April 12, 2002

West Indies cruise to position of strength

There are always two sides to each coin. And the Guyanese Dollar, I am reliably informed, is one of the more interesting pieces of currency in the world. Apart from the sheer numbers that you use at every purchase, just its look and feel makes it special. And, on the second day of this Test match, two of Guyana's favourite sons sparkled, and the runs flowed. Carl Hooper caressed his way to 233 (402 balls, 29 fours, three sixes), Shivnarine Chanderpaul chipped in with 140, and the West Indies amassed 494/7. India, meanwhile, provided the dull, lacklustre other side to the coin.

At every turn, India were shown up for their lack of imagination. After beginning so well in this Test, pegging the West Indies back to 44 for three, the Indian bowlers utterly failed to trouble the batsmen. These are days in international cricket, however, when batsmen rule the roost, and on wickets of this kind, bowlers become mere whipping boys; a necessary evil; cannon fodder.

Sympathy, yes - for Zaheer Khan. After a dismal end to his bowling on the first day, there were whispers that the strong left-arm seamer was not at his best and perhaps went into the Test with a niggling injury. As if to put to rest such suspicions, the Baroda lad steamed in and bowled a spell that was all character and effort. Sweat and toil in the sun - just no rewards to show for it.

For that a sizeable proportion of the blame must lie at the feet of Sourav Ganguly. With the wicket providing no assistance, Ganguly quickly ran out of ideas. Falling into a set pattern, he gave all his lads a run - Javagal Srinath and Zaheer Khan mostly, with extended spells for Anil Kumble and Sanjay Bangar following. Sarandeep Singh provided some relief when things got monotonous.

But the common thread in all this was a defeatist and almost hopelessly negative approach. Ultra-defensive fields, tired bowlers, an excited crowd of nearing 10,000, and a captain with nowhere to turn saw India slump lower and lower with every passing hour.

Correspondingly, the Hooper-Chanderpaul pair lifted themselves to greater heights. There's something about the steely glint in Hooper's eyes peeping out of his visor-less helmet that must unsettle bowlers. It is not the dramatic, almost brutal arrogance of the swagger that Sir Vivian Richards brought out to the middle with him. It is not the cheeky, annoying smile that Javed Miandad flaunted in the face of his opponents. It is calm, cool as the moon on a clear winter evening, and it works for him like nothing else.

Surpassing his previous career-best of 178 not out against Pakistan at St. John's, Antigua in 1993, 'Sir Carl,' as he is known in Guyana, caressed his way to his maiden Test double hundred. Finding no cause to take risks or innovate, Hooper played his favourite shots to perfection - the chip over the off-side field, the wristy flick that made the mid-wicket boundary look woefully inadequate, and the drives back down the ground straighter than Robin Hood's truest arrow. When he fell for 233, West Indies were a healthy 494/7.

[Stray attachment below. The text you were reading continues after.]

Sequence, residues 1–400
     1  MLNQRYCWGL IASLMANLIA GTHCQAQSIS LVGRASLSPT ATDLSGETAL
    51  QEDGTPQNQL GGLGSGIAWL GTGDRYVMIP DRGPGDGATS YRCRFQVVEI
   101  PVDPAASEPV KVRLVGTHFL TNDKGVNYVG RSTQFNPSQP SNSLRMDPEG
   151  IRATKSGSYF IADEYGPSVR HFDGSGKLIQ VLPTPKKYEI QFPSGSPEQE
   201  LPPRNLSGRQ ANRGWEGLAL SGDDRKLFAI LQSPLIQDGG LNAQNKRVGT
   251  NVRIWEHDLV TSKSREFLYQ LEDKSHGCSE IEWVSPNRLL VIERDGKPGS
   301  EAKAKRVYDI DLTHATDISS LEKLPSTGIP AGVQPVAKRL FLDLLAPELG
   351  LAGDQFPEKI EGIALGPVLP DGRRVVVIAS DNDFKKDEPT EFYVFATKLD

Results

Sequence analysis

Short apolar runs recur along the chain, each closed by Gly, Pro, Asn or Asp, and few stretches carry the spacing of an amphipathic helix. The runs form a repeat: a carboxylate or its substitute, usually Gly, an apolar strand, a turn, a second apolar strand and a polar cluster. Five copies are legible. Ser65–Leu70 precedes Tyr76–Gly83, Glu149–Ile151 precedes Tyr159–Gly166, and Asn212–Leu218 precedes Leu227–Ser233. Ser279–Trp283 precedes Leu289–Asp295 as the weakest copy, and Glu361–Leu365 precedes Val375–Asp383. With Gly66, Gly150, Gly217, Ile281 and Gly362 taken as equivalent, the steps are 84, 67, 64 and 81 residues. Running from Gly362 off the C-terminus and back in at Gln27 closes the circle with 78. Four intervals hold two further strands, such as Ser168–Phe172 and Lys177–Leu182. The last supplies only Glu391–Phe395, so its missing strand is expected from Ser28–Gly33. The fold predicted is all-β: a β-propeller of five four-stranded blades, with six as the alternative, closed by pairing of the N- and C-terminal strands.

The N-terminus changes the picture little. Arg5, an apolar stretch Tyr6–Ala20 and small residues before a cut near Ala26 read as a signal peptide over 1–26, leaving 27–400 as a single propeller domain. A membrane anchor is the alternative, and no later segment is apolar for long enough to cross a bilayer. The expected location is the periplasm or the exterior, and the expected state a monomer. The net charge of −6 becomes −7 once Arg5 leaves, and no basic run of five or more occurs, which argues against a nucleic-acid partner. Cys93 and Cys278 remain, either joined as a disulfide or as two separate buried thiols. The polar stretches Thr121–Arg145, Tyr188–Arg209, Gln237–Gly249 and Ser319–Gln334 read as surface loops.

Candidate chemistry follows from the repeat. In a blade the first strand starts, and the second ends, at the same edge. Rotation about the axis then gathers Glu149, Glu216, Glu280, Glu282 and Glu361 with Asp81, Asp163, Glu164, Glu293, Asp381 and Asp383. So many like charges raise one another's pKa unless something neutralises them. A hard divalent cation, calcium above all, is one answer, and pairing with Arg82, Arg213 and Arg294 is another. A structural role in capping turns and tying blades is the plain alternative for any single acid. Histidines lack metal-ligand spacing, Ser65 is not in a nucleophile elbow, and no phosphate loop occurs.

It would be a travesty of justice if one forgot Chanderpaul amidst the feline grace of Hooper. In some ways an antithesis to his Guyana teammate and skipper, Chanderpaul has played a selfless role in West Indies cricket in recent years. Being shuttled up and down the batting order, the southpaw has been forced to adapt, grit his teeth, and bolster a team in dire need of strong contributors. His contribution on the day was 140 of the safest, unfussy and invaluable runs. Littered with characteristic nudges, pokes and flicks that found the fence 23 times, Chanderpaul's innings helped Hooper add a massive 293 runs for the fifth wicket.

The departure of the two Guyanese batsmen, however, saw a mini-resurgence for India. Clearly a case of too little too late, but nevertheless significant, as there are few things that can break the back of a bowling side like a tail that wags endlessly. Junior Murray fell for a duck, and the West Indies were poised at 494 for seven when the skies opened for the second time in the day. More severe than the earlier occasion, when only a brief stoppage was the result, the showers forced play to be called off for the day.

There are some in the Indian team who might wish that the game itself was called off. It has been that sort of play so far. It is not for no reason that Hooper let some optimism show at the end of the day's play. "The rain is a bit disappointing, but there's still a lot of time left in this match. There's three days to go," said the Windies skipper. India better take that as a warning rather than a casual remark.